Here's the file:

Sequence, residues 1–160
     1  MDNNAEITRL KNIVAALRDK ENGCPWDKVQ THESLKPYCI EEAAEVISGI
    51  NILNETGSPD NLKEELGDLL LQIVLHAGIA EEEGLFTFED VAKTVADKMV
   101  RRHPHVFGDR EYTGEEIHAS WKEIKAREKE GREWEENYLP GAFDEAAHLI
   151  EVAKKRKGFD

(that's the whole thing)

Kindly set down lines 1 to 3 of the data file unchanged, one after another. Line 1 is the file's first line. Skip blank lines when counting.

Sequence, residues 1–160
     1  MDNNAEITRL KNIVAALRDK ENGCPWDKVQ THESLKPYCI EEAAEVISGI
    51  NILNETGSPD NLKEELGDLL LQIVLHAGIA EEEGLFTFED VAKTVADKMV